# Thread: Determine where f is continuous and where f is discontinuous

1. ## Determine where f is continuous and where f is discontinuous

I have never liked problems of the sort where rational/irrational numbers are involved.

For the function $\displaystyle f(x,y)=\left\{\begin{array}{cc}x^2+y^2,&x,y\mbox{ both rational }\\0, & \mbox{ otherwise, }\end{array}\right$
determine where $\displaystyle f$ is continuous and where $\displaystyle f$ is discontinuous. Does $\displaystyle f$ have any partial derivatives?

A note provided is as follows: Every neighborhood in $\displaystyle R^2$ always contains points with rational and points with irrational coordinates.

Mainly, the part I have difficulty with is the rational/irrational bit. I've never been able to work with those properly, probably because I missed something fundamental in my earlier years.

2. Originally Posted by Runty
I have never liked problems of the sort where rational/irrational numbers are involved.

For the function $\displaystyle f(x,y)=\left\{\begin{array}{cc}x^2+y^2,&x,y\mbox{ both rational }\\0, & \mbox{ otherwise, }\end{array}\right$
determine where $\displaystyle f$ is continuous and where $\displaystyle f$ is discontinuous. Does $\displaystyle f$ have any partial derivatives?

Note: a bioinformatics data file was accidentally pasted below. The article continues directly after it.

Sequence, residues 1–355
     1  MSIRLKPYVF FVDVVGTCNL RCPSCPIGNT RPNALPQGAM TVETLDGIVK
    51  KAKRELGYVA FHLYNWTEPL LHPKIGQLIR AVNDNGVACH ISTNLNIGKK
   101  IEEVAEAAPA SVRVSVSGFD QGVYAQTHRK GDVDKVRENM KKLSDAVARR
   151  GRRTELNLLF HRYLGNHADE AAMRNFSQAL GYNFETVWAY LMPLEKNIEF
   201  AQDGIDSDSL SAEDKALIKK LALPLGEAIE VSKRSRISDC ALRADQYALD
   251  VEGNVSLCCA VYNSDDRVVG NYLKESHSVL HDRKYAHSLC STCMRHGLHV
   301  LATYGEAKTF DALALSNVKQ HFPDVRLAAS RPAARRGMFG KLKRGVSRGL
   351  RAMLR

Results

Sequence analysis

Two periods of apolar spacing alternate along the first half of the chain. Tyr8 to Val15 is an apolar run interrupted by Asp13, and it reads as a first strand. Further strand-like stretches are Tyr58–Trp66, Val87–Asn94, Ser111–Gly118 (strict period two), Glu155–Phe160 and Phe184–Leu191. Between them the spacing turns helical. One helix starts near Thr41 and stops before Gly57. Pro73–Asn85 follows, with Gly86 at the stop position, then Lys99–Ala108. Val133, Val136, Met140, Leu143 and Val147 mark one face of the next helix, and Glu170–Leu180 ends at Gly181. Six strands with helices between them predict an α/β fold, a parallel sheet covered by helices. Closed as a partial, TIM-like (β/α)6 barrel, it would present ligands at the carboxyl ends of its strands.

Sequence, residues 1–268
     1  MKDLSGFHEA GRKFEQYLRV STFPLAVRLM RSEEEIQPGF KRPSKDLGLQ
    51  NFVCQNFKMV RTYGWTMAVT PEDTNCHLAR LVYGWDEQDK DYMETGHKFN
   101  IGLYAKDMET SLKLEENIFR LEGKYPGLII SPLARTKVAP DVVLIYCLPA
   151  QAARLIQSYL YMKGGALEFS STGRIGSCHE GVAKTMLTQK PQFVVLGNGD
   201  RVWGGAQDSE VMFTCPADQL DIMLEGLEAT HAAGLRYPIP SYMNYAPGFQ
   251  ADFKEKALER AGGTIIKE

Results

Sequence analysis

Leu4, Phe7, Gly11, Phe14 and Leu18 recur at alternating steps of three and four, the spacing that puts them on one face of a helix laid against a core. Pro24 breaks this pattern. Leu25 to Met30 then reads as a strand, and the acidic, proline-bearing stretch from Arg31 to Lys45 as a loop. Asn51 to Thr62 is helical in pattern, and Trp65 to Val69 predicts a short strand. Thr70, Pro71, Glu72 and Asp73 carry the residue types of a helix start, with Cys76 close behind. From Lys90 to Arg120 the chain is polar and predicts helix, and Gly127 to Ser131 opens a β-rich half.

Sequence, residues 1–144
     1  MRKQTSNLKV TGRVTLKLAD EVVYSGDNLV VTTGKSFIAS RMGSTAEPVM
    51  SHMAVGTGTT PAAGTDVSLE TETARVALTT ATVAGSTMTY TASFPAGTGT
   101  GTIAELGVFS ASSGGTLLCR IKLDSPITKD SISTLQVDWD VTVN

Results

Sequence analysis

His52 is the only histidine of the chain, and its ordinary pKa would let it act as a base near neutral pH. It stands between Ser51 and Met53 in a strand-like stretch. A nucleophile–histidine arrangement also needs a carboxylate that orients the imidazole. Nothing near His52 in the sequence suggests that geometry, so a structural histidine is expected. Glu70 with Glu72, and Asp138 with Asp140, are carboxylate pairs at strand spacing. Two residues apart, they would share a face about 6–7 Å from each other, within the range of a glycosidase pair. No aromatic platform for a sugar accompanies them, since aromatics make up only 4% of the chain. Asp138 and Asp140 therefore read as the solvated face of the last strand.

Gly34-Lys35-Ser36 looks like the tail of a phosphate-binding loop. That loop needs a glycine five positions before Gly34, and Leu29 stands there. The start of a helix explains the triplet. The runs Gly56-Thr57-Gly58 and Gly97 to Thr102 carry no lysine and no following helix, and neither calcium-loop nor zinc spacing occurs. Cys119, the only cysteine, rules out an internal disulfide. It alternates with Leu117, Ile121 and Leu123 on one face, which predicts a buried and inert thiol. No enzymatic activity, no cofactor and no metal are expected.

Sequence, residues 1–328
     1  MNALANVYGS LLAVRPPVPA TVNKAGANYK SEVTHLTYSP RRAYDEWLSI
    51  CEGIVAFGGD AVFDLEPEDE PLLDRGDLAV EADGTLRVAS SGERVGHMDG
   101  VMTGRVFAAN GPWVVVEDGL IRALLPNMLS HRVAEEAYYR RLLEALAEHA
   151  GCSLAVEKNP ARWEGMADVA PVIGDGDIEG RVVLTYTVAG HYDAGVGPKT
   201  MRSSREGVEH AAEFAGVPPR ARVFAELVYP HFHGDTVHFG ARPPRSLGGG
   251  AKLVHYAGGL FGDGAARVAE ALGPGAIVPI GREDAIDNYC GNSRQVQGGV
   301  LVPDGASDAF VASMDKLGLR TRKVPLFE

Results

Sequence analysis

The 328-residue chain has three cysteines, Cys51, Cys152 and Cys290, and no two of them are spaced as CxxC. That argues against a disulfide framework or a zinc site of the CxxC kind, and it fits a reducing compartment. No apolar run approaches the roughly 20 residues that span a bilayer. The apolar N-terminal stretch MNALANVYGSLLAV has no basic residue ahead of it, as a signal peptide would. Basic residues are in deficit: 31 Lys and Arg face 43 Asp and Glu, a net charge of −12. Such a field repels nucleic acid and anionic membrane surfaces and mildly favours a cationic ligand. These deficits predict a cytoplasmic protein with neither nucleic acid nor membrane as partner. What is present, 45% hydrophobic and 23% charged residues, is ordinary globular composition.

A note provided is as follows: Every neighborhood in $\displaystyle R^2$ always contains points with rational and points with irrational coordinates.

Mainly, the part I have difficulty with is the rational/irrational bit. I've never been able to work with those properly, probably because I missed something fundamental in my earlier years.
note that by the squeeze theorem that

$\displaystyle 0 < f(x,y)<x^2+y^2 \forall (x,y) \in \mathbb{R}^2$

Now just let $\displaystyle \epsilon=\delta$ and when

$\displaystyle |(x,y)-(0,0)|< \delta \iff x^2+y^2<\delta$

then $\displaystyle |f(x,y)-0|\le |x^2+y^2|=...$

Will this work for any other point than (0,0)?